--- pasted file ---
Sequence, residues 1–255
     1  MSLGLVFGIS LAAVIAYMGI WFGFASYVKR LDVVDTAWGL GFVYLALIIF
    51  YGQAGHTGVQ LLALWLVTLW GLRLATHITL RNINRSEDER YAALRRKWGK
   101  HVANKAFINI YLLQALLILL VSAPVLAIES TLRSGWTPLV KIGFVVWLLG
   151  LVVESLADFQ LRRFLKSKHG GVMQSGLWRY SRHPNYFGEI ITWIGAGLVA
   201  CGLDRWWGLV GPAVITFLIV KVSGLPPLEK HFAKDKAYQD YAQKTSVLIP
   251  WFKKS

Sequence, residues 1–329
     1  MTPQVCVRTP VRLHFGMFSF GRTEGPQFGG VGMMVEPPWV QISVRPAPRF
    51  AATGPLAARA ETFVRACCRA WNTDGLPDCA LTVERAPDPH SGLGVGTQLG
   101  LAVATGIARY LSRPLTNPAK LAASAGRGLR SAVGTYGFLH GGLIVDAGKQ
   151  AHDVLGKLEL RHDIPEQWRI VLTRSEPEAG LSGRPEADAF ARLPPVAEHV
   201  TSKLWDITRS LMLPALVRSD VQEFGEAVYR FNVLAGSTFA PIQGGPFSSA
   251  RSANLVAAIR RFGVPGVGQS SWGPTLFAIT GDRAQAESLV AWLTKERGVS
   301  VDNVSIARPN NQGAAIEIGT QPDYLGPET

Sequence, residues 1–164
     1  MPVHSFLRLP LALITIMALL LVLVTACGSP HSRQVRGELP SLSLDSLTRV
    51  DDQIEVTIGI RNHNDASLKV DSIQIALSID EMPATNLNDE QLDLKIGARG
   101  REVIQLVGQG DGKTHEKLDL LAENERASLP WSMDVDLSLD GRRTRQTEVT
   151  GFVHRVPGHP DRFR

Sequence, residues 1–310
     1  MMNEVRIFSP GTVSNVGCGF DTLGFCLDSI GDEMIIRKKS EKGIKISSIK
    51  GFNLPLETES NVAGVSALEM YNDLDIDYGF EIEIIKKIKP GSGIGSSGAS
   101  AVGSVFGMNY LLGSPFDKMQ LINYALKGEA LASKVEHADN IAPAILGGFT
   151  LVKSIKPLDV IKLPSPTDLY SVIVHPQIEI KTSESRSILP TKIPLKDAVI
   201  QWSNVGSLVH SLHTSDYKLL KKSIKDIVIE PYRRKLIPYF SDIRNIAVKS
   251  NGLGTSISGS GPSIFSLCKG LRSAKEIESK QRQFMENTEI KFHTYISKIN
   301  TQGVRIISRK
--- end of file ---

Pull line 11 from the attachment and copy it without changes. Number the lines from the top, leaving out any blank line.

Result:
   101  LAVATGIARY LSRPLTNPAK LAASAGRGLR SAVGTYGFLH GGLIVDAGKQ